Now chances are you probably haven’t ever heard of the word “xylitol” before your vet told you that your pet had an issue with it unless you are super health conscious or perhaps a nutritionist. This is why we wanted to take a moment and discuss precisely what xylitol is and how it can be hazardous for your dog. Because, like other everyday household items such as chocolate, how our bodies and metabolisms handle certain foods and substances are WAY different from how your dog’s body processes them.
Let’s begin our conversation by first tackling the question…
What is Xylitol?
Xylitol is a naturally occurring sugar found in some fruits and vegetables and is commonly used as a sugar substitute in many food items, particularly sugar-free gum. The problem is it’s pretty bad for dogs. If your dog has gotten ahold of some, he may have xylitol poisoning. Here’s what to expect of xylitol poisoning in dogs.
Clinical Signs & Symptoms of Xylitol Poisoning
Sometimes our dogs get into stuff, and we don’t even know it. If your dog is displaying any of the following symptoms, he could have eaten xylitol behind your back:
- Lack of coordination.
As you can see, these are general symptoms that disorders, diseases, or illnesses could cause. They don’t indicate specific xylitol poisoning (they could be signs of hypoglycemia caused by something else). But you do need to take your dog to the vet with symptoms like these!
The good news is that xylitol poisoning in dogs doesn’t have to be life-threatening or cause long-term damage, but that’s only if you get it treated by the veterinarian immediately! This then begs the question…
“How much before a dog experiences xylitol toxicity?”
If your dog gets ahold of one piece of sugar-free gum, should you worry? Maybe, maybe not. It depends on your dog’s body weight. It would take 50mg of xylitol per pound of your dog’s weight to be dangerous. So, if he’s 10 pounds, then he needs 500mg. But how much is 500mg? That’s a good question. A 45-pound dog would need about nine pieces of sugar-free gum to get hypoglycemia (low blood sugar). More than that could be pretty dangerous.
The problem is…
Do you want to try and calculate your dog’s weight vs. how much xylitol you believe they may have eaten? Particularly when we know that xylitol toxicity does have the potential to be toxic in dogs. If you think your dog has ingested xylitol, call the pet poison helpline (1-800-213-6680), the animal control center, or rush to the nearest open veterinary clinic ASAP! Then your veterinarian does not have time to run tests to see if it is xylitol toxicity. If you have evidence that your dog has eaten xylitol (or something else poisonous), they will immediately begin treatment.
Xylitol Toxicity Treatment
The most common treatment for poisoning such as this is inducing vomiting. This causes the body to rid itself of any more poisonous substance that hasn’t yet been absorbed. Other treatments will commonly involve getting the blood glucose levels back to normal. If your dog has low potassium, then that will be treated too. Your vet will likely start blood work for monitoring at the same time as treatment. There will be post-treatment bloodwork as well.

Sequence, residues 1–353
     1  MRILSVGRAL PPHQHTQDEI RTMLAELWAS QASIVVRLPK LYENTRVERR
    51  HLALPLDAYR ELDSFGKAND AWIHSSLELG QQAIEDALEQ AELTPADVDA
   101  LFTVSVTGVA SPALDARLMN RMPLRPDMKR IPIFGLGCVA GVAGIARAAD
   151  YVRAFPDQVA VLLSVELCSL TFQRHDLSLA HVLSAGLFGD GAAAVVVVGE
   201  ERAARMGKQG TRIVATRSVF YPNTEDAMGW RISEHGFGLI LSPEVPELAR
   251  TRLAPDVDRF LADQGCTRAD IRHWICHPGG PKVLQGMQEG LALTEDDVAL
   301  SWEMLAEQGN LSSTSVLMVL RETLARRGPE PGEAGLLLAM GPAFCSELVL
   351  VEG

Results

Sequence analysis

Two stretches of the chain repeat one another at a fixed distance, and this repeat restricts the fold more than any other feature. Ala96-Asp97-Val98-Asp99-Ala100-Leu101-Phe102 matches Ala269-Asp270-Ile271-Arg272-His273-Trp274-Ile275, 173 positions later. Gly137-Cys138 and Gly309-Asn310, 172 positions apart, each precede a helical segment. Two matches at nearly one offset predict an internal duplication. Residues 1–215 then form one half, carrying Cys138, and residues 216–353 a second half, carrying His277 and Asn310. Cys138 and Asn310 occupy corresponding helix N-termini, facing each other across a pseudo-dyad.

This brings us to…
Were we like to remind folks that we here at IndulgeYourPet are not doctors, veterinarians, or medical professionals. We are all a bunch of folks passionate about animals and only want what’s best for them. If you feel your pet may have xylitol toxicity (or any other health issue), you will want to have them checked out by a vet ASAP!
An early diagnosis will often lead to the “best” medical outcome for your pet regardless of what is bothering them, but beyond that, diagnosing a medical condition early could save you a bundle in medical costs!
This isn’t as expensive as cancer, but it is a lot considering it’s just because your dog swallowed a pack of gum. If you leave a bunch of sugar-free chewing gum out and your dog eats it, it could become a $500 surprise expense… Ouch! For this reason, we here at IndulgeYourPet also recommend that any new pet owner take a moment and see what it might cost for you to purchase a pet insurance policy for your new animal.
Now will a pet insurance policy be suitable for everyone?
No, probably not. But until you fully understand what these policies “will” and “won’t” cover and how much these pet insurance policies cost, how will you know if one might be right for you?
For more information on who we feel currently offers the “best” pet insurance policies out there, we would encourage you to check out our Best Pet Insurance Policies article.